Silver is considered indispensable among metals due to its thermal and electronic conductivity. Modern life wouldn’t be possible without it. The global economy state has a much greater influence on this metal compared to gold. Consequently, it makes it more prone to economic ups and downs. The demand is higher when the economy is stronger, whereas it’s weaker in times of deflation and recession.
Gold, on the other hand, is protected from economic activity slowdown, given its industrial uses are much more limited. Click here to learn about the uses of gold. The largest part of industrial silver is thrown away after being used, as the recovery of this metal is definitely not economical. As a result, the metal amount that can be returned to the market via recycling is much more limited.
In the course of a financial or monetary crisis, the price of this metal is more affected by unfavorable circumstances, not so much its role in the industry. Investors buy this commodity in times of economic turmoil to protect their portfolios.
Another aspect of comparison between these two metals is diversification. Many investors have a tendency to add these assets to their portfolios to reduce the overall level of risk. The prices of these commodities have little to no correlation to the performance of other securities like stocks and bonds.
Nevertheless, gold has a bit of an advantage over silver as far as diversification is concerned. The latter is much more related the business cycle. When the economy is performing well, the industrial demand for this commodity is higher. Conversely, gold isn’t correlated or connected to anything. Hence, central banks have a tendency to purchase this asset to diversify the risk of holding other currencies.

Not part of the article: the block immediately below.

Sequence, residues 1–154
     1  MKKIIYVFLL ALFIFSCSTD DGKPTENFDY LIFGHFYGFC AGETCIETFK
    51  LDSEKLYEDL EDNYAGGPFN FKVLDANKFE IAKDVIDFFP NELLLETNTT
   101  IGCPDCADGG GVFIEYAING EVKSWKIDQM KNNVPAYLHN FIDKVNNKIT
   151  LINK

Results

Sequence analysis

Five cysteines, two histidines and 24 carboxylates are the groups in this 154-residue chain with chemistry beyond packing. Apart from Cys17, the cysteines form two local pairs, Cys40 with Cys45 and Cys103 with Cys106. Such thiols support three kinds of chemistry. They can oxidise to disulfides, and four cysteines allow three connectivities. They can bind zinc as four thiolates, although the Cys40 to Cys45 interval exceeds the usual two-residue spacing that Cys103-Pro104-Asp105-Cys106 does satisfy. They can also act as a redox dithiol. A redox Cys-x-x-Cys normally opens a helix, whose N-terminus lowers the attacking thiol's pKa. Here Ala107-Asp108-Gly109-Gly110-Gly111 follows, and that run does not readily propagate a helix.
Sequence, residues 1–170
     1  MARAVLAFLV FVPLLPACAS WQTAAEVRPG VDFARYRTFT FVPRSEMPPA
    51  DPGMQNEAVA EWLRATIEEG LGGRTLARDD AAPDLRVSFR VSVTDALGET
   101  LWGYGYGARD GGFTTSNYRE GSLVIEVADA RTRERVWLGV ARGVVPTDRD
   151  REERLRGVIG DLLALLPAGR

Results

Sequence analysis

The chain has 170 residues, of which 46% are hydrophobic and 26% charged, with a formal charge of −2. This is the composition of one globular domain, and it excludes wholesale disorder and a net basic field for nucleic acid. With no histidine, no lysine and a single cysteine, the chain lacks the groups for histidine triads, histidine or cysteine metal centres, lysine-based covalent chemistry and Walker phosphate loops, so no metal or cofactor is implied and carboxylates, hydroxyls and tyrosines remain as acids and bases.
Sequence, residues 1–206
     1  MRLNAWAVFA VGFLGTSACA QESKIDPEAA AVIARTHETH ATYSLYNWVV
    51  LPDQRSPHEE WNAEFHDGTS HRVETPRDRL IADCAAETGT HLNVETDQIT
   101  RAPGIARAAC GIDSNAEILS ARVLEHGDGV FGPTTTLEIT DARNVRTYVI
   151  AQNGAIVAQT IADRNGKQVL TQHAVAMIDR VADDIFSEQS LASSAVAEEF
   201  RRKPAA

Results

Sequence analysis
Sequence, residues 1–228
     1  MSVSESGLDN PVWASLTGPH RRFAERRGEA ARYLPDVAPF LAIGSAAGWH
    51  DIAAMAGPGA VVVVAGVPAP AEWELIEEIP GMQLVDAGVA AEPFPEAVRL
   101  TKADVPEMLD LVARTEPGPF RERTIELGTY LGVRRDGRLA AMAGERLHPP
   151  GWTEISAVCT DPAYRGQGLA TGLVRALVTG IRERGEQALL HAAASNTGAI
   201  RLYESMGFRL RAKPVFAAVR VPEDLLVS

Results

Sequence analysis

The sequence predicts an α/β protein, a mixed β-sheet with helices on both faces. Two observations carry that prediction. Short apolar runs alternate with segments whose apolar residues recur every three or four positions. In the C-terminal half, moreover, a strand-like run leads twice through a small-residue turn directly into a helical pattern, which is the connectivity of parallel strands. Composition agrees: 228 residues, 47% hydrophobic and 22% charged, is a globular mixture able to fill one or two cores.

Another factor of comparison between these two assets is storage costs. The investments in these commodities are linked to certain expenses, particularly referring to insurance and storage. In the event of getting stolen, precious metals cannot be traced most of the time, which is why investors usually place their holdings in secure facilities or vaults.
The need for storage and insurance imposes multiple charges, such as those for renting space, asset insurance, and transportation of the metals when purchased or sold. These costs have a significant effect on the investments in these commodities. For instance, investors would need to rent a far larger space in a vault of a million dollars worth of silver than they would need for a million dollars worth of gold.
As far as transport and storage are concerned, gold is still considered a better option. In contrast, investors who purchase these commodities through mutual funds and ETFs won’t think of these differences as a problem, given annual fund expenses are low. For example, the annual expenses of such ETFs are about 0.4% and 0.5%.
Gold takes up less storage space than silver, is lighter and less costly to store, as well as resistant to tarnishing. Bars and coins made of the latter have to be stored in a dry place to avoid exposure to the weather elements.
Whichever metal you choose, make sure it suits your portfolio!